Release Date(s)1947 (January 4, 2022)
Studio(s)Paramount Pictures (Kino Lorber Studio Classics)
- Film/Program Grade: C+
- Video Grade: B
- Audio Grade: A-
- Extras Grade: B
Golden Earrings is an oddity. A comedy-drama of the post-World War II era, it’s the tale of a military officer and his misadventures with a gypsy woman during the war. Amid the immediate danger from Nazis, the film weaves in elements of screwball comedy. It also downplays its leading lady’s well-established sex appeal and showcases female empowerment decades before it became fashionable in Hollywood.
British Brigadier General Ralph Denistoun (Ray Milland) is the subject of gossip at his club because of his pierced ears, an indication that he once wore earrings, an extremely unusual affectation in the 1940s. When he receives a package containing two gold hoop earrings, he immediately books a flight to the continent. On the plane, he tells the tale of his earlobes to his curious seat mate, and we flash back years earlier.
Because he speaks perfect German, Denistoun—then a colonel—is sent to Germany before the war, assisted by young officer Richard Byrd (Bruce Lester), to spirit away the formula for a poison gas that the Germans are developing. The Nazis capture them but eventually they escape, stealing SS uniforms and a car in the process. They soon ditch the car and go separate ways, planning to meet later at an appointed spot.
Denistoun, exhausted and hungry after a long trek through a forest, comes upon gypsy woman Lydia (Marlene Dietrich), conveniently traveling alone. She offers Denistoun food and a place to rest. She senses he’s on the run and invites him to travel with her disguised as a gypsy. This means darkening his skin, dressing him in her latest ex-husband’s clothes, and piercing his ears to accommodate a pair of earrings.
They ride in her wagon to a gypsy camp, where Zoltan (Mervyn Vye), a burly man who has a claim to Lydia, picks a fight with Denistoun. Zoltan relinquishes his claim after losing the slugfest, becomes an ally rather than a rival, and sings the title song in a deep baritone-basso. After the couple’s lengthy, often comic escapades, the tone shifts abruptly as the plot resumes its war adventure beginning, then returns to the present for the final scene.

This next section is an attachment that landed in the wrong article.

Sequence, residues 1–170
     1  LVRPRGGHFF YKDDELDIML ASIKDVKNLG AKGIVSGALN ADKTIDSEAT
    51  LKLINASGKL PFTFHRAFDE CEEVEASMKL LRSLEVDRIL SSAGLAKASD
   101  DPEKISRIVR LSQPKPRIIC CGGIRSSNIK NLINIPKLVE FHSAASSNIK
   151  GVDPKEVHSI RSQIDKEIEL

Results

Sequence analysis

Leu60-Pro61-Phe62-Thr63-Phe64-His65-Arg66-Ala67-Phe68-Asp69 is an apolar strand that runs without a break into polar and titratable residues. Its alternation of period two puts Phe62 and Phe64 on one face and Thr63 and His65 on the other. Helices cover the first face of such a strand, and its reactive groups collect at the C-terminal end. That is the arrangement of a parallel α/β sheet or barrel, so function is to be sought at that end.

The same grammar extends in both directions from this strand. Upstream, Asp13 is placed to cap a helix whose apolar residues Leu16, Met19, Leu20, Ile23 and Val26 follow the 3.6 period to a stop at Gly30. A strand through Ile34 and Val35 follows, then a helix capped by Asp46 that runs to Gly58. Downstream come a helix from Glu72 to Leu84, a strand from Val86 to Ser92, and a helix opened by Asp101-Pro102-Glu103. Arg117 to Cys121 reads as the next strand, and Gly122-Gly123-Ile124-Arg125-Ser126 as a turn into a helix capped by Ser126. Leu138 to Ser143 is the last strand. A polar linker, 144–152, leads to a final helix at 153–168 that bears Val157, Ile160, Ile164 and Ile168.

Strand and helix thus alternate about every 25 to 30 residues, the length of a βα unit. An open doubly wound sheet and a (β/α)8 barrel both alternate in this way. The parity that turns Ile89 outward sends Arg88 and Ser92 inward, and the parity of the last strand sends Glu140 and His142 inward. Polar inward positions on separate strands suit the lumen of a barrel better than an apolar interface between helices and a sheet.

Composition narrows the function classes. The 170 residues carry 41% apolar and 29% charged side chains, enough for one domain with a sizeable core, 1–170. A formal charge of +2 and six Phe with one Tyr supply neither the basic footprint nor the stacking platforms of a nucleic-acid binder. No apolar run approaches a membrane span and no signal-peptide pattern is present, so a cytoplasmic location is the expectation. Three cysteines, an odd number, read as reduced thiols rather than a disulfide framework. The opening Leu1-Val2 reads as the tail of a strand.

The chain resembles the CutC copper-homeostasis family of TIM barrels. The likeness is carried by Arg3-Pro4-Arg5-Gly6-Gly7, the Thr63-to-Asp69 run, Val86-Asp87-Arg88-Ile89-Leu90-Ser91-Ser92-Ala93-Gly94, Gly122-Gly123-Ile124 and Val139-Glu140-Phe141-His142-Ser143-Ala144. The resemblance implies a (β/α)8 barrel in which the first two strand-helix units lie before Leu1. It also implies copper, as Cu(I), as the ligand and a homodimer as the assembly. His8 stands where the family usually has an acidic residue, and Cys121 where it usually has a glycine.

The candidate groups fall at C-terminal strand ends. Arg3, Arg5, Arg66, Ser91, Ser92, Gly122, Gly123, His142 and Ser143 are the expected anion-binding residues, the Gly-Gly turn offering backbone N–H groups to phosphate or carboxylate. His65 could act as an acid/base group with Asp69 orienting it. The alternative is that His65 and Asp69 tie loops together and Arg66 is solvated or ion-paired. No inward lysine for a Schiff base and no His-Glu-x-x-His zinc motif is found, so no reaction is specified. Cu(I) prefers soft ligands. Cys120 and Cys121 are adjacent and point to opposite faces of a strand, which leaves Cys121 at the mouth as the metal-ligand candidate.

Dietrich is the main attraction here. With ragged, bulky skirts hiding her figure, equally ragged scarves over her hair, and her face obscured by brown greasepaint, she’s hardly the glamour goddess she played in her Josef von Sternberg films. Lydia is a character role and Dietrich has fun with it, pawing at Ray Milland unhampered by societal norms, and immersing herself in the silliness of the plot. She upstages Milland in every scene.
Denistoun is a rigid British officer dedicated to accomplishing a dangerous mission, but he’s humanized by Lydia, who is far from the kind of woman he’s used to. Recognizing that she may be his ticket to delivering the formula (what Hitchcock would refer to as the “MacGuffin”), he joins up with her, letting her take the lead in negotiating Nazi terrain and the gypsy lifestyle. Milland’s performance adds little to the role, and there’s not much of a spark between him and Dietrich that the story demands.
Director Mitchell Leisen shot most of the film on the Paramount and Universal backlots except for a few exteriors at the Columbia River Gorge in Oregon. Some long shots of Lydia and Denistoun walking through treacherous mountain terrain use stand-ins. Leisen lacks a deft touch with the comedy, so Milland is pretty stiff and much of the whimsy is left to Dietrich. The marked differences in the film’s tone are jarring. When Denistoun encounters Lydia, the Nazi formula plot is put on the back burner for so long that when it returns, it appears as an afterthought necessary to tie things up quickly. The screenwriters and director apparently knew that Dietrich would be a bigger draw than yet another war picture.